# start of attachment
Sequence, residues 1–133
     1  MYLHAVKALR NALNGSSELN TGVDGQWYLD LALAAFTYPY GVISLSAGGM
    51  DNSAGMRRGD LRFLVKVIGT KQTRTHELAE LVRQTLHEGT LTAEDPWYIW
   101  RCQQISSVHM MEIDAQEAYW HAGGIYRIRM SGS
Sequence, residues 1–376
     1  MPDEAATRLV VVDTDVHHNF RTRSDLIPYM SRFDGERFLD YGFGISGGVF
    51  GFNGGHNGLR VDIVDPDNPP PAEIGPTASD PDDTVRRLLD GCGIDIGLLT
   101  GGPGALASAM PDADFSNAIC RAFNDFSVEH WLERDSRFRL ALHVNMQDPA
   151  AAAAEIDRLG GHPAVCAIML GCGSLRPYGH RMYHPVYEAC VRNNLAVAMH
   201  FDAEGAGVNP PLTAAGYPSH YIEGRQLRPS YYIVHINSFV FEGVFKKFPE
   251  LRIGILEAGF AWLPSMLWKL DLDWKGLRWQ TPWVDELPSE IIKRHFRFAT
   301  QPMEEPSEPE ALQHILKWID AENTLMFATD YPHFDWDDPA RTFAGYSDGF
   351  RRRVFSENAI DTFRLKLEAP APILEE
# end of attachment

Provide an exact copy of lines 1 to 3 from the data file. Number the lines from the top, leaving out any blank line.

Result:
Sequence, residues 1–133
     1  MYLHAVKALR NALNGSSELN TGVDGQWYLD LALAAFTYPY GVISLSAGGM
    51  DNSAGMRRGD LRFLVKVIGT KQTRTHELAE LVRQTLHEGT LTAEDPWYIW